Sports

Schapiro ’19: Rebuild the hot stove

By
Sports Columnist
Friday, November 11, 2016

With Major League Baseball’s offseason ramping up, it’s only a matter of time before baseball’s system of free agency gets put under the microscope. This annual scrutiny is a good thing because baseball’s free agency system needs a change.

Two elements of the system stand out as needing reform, both of which have been debated heavily over the last several years: the system of qualifying offers and the sudden prevalence of opt-out clauses in multi-year contracts.

I’ll start with the opt-out issue, because it already affects me. Outfielder Yoenis Céspedes, who hit 30 home runs and held the New York Mets’ offense together in 2016, has already opted out of the final two years of his deal. He deserves neither blame nor condemnation: There was an opt-out clause in his contract, and he was fully entitled to exercise it. But the clause should not have been in his contract in the first place.

It’s not hard to see the problem with opt-outs: They automatically work for the benefit of the player over the team. Say a player signs a four-year deal with an opt-out after two years. If the player is playing well, he opts out and signs somewhere else for more money. If his production has dropped off, he doesn’t opt out, and the team is stuck, paying more than the player himself has acknowledged he’s worth. Essentially, an opt-out clause turns one contract into two separate deals, neither of which benefits the team: a long-term deal for a bad player, or a deal for a good player that ends too soon.

Supporters of opt-outs will undoubtedly argue that the value of the clauses lies in their motivating factor: Players will play better because an opt-out in their future will reward them for it. But this implies that the entire system of contract is insufficient, a position that doesn’t seem realistic. No other professions require opt-out clauses to ensure that part of a contract is carried out in the best possible way. Imagine a lawyer, for instance, adding a provision to a deal that if a case were going well, the lawyer could withdraw halfway through and demand a higher fee from his client. The argument of performance incentive does not stand up: Contracts themselves should be all the incentive players need.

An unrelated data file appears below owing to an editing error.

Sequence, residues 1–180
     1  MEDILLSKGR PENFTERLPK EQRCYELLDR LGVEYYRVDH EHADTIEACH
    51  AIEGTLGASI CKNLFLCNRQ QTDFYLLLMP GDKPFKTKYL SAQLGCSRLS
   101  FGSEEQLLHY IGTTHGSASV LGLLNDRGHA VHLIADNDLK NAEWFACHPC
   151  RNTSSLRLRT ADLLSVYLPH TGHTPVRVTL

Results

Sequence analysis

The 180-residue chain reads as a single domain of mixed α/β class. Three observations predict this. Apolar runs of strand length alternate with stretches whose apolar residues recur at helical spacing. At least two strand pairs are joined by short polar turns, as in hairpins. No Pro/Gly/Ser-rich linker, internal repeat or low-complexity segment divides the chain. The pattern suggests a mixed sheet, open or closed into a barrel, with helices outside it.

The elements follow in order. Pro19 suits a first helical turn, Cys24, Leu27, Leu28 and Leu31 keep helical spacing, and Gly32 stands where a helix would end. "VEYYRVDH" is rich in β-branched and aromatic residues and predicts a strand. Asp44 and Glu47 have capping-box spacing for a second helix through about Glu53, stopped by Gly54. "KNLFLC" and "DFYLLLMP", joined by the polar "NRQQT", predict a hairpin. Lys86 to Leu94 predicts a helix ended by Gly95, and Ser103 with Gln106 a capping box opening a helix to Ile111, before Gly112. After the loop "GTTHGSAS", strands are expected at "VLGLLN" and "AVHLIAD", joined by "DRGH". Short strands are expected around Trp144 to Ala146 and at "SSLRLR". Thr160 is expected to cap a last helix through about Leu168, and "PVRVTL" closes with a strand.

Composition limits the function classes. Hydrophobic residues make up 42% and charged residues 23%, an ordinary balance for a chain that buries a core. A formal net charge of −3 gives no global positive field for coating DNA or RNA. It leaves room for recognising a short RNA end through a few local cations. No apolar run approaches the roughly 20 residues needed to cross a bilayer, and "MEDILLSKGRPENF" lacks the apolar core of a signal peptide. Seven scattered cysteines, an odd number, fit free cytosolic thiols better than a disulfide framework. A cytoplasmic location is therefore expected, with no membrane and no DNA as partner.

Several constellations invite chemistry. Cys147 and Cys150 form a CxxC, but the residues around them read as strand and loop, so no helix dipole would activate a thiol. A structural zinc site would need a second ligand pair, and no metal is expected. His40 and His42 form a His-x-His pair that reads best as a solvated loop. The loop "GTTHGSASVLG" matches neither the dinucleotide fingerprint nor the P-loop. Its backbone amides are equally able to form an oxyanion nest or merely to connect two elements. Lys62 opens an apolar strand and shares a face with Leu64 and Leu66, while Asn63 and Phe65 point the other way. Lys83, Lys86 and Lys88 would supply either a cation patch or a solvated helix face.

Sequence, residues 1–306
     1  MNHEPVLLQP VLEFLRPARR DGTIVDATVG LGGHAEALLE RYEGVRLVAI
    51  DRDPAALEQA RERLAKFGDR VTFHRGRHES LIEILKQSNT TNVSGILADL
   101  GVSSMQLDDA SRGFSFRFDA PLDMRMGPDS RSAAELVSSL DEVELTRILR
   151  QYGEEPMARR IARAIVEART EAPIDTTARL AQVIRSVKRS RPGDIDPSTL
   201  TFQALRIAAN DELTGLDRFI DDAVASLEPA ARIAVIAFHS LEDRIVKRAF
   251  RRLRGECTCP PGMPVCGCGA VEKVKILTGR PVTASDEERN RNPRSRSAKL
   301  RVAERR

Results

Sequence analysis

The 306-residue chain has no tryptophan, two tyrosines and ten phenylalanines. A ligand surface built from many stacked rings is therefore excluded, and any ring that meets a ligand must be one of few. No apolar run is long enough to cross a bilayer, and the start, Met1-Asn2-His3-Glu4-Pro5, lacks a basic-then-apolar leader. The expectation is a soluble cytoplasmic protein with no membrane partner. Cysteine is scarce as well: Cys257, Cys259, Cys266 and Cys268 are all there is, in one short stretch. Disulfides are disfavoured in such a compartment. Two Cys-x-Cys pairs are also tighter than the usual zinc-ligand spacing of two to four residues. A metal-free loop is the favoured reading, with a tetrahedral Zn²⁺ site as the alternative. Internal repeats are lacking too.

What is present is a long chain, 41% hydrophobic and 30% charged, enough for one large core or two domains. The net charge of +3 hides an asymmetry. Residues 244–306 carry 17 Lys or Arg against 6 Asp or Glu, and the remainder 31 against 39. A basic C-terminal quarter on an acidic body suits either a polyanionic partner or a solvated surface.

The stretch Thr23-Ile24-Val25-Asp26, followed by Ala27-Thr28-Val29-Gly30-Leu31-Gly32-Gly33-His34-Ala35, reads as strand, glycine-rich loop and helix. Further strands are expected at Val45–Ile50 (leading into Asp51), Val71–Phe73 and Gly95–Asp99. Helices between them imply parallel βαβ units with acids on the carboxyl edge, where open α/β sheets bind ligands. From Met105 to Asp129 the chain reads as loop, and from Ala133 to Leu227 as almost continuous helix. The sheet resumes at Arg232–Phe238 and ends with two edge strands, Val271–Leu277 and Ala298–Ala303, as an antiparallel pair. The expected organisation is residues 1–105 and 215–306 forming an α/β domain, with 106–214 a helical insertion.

Any restrictions on opt-outs will be firmly opposed by the players’ union, since they benefit players enormously. But there are solutions. The MLB could lobby for ending opt-outs, for example, by increasing the major league minimum salary or by expanding team rosters, creating more major-league jobs. These are not necessarily the only solutions, but the point is that opt-outs can be dealt with, and they should be.

But if the players’ union is against limitations on opt-outs, its opinion on the qualifying offer system is the opposite. Players are almost unilaterally against the system for a simple reason: It brings down the value of free agents.

Under the current system, at the end of each season, teams may offer departing free agents “qualifying offers” — one-year deals for a certain, league-established value. This year’s qualifying threshold was one year, $17.2 million. Of the 10 players who received offers this season, most or all will decline and hit the open market.

A team whose qualifying offer is declined receives compensation: a first-round draft pick. In turn, the team that signs that player must sacrifice its highest pick, unless that pick falls in the top 10. This may seem at first glance like a simple strategy to encourage parity by compensating teams with less financial might. But looking deeper, it is not without its problems.

For one thing, being attached to a forfeited draft pick decreases players’ values. A player may deserve a five-year, $100 million contract, but if that player has received a qualifying offer, teams considering signing them must subtract from their value the value of the draft pick they will lose. Contracts received by these players subsequently pay them less than the open market otherwise would. For another, the current system makes it for difficult for teams to simultaneously compete and develop minor league talent. A team that has built its success on a strong farm system now cannot sign the best major free agents without undermining the project of developing young players.

So what is the solution? It’s simple, even if the qualifying offer system is maintained. MLB should simply stop penalizing teams that sign players that have rejected the qualifying offer, while continuing to reward teams that cannot afford to re-sign their stars. This way, no one loses picks: The free agent market can continue paying players what they deserve, and teams can continue competing as best they can.

There are all sorts of problems with making changes to the system of free agency: Either the players’ union or the commissioner’s office will almost certainly object to nearly any reform proposed. But both of these entities should see reason. Both should come together and affirm that small concessions are worth the cost so that Major League Baseball can continue to be played at as high a level as possible.

James Schapiro ’19 hopes Céspedes stays. He can be reached at james_schapiro@brown.edu.

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